Dewar’s scotch has long been one of the most recognisable brands in the whisky world. Crack open a bottle and your palate finds itself at the epicentre of the Scottish flavour map.
The primary malt used to create Dewar’s is Aberfeldy with a slightly honeyed character and “a slim whisper of smoke like an echo off into the distance”.
Thomas Dewar was born in Perth on 6th January 1864. He was the personification of scotch in the late 19th Century, but the degree of his success arose from mastering Scottish romanticism.
He would enlist every symbol, icon and effigy as he pitched a tartan-clad Dewar’s with the enchantment found on the distant shores of Scotland.
Dewar ‘s adventure began when he journeyed from Perthshire for London with determination, boundless energy and a couple of letters of introduction. When he arrived, he immediately found the odds stacked against him with one addressee discovered dead and the other bankrupt.
Writer Sir Robert Bruce Lockhart describes Tommy Dewar as “a born salesman, witty, dapper, genial and endowed with volcanic energy.”
He appeared at the Brewer’s Show at the Agricultural Hall and deafened the audience by filling the room with the warbling of bagpipes. An enraged committee demanded he cease playing but, thrusting out his proud chest, he defiantly proclaimed to the room the superiority of bagpipes over the English music boxes of the time.
Lockhart recalls the flock of journalists lapping up the unexpected ruckus and, knowing full well any publicity was better than none, Dewar continued to play despite the irate organisers threatening legal action.
In later years, Tommy Dewar was responsible for the first video advertisement in the world – a moving throwback to the ‘It’s the drink of your ancestors’ campaign appearing in magazines for years. In the two-minute film from 1900, a kilt-clad man drinks Dewar’s alone before being joined by his ethereal ancestors, all stepping out of their walled picture frames to participate in a surreal jig.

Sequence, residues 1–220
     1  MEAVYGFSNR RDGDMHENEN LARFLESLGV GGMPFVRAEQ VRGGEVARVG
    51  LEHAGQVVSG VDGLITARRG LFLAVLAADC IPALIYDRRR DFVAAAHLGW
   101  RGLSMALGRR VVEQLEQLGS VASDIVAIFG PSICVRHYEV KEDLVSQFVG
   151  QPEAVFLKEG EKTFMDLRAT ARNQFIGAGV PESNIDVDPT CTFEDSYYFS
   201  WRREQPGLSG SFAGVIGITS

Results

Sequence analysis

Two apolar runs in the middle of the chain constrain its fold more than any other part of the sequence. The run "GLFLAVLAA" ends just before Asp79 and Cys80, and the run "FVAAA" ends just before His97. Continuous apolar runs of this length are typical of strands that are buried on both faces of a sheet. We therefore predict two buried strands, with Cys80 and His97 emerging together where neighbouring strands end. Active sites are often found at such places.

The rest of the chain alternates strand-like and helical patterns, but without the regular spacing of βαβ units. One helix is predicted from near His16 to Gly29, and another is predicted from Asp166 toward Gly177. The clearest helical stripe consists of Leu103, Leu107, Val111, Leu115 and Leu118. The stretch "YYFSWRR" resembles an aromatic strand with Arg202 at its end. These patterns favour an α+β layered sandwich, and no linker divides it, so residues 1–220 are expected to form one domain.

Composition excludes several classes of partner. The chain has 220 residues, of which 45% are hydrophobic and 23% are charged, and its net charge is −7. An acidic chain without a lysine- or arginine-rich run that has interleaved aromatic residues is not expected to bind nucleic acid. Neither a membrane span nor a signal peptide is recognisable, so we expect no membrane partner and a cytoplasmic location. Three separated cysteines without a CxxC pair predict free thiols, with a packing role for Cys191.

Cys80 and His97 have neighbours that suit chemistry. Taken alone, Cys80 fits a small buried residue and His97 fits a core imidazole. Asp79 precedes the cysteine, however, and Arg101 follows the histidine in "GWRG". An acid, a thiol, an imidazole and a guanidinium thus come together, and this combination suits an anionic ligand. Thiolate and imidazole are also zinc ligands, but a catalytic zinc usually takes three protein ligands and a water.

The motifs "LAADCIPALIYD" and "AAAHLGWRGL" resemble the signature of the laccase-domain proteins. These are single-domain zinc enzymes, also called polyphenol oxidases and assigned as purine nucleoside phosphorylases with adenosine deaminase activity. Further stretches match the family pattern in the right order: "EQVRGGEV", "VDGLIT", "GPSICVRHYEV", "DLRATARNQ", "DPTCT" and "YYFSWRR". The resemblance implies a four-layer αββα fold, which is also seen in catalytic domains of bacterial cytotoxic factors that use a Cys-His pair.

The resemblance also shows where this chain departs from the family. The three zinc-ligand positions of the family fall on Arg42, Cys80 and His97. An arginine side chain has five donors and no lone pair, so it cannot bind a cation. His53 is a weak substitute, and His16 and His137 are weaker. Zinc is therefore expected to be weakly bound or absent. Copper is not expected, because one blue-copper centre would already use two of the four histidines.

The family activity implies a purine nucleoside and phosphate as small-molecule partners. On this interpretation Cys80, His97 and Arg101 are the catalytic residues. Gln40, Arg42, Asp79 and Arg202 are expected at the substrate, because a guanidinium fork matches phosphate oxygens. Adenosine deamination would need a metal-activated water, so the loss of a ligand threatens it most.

A final example of Dewar’s marketing prowess comes after acquiring premises on the south bank of the Thames by Waterloo Bridge in 1896, including a tower which was once purposed for manufacturing lead shot.
Charles MacLean’s Miscellany of Whisky describes the site as it was two years later.
“By 1989,” he writes, “the tower had been embellished by the largest neon sign in the world – a Highlander with his kilt blowing in the breeze, quaffing day and night, glass after glass of Dewar’s whisky.”
Dewar’s didn’t Tommy and his brother John continued to blend their whisky to hit a sweet spot with foreign markets and appeal to an international palate.
Frank Murphy, owner of The Pot Still bar on Hope Street in Glasgow, explains just how effective Dewar became at pushing the romantic notion of Scotch.
“He used it to such great effect that nobody else in the whisky world now uses that same iconic figure for fear of being accused of copying Dewar’s,” he says.
“Even though Tommy Dewar was the personification of Scotch whisky, it’s still his dad’s name that’s on the bottle.
“He didn’t chose to go so far as to make it all about himself – it was always about ancestors.”
“He had to set about building a business with nothing at all, but managed to attract attention, build a reputation, sell whisky like it was going out of fashion and somewhere that whisky had never really been sold before.”
As the first distiller to break ground in new emerging markets, Dewar’s Scotch became the brand that other labels aspired to compete with.
Thomas Dewar was knighted in 1902 and created a baronet, raised to a Baron in 1919. Thomas Dewar, 1st Baron Dewar died aged 66 on 30th April 1930, but having never married, the baronetcy became extinct.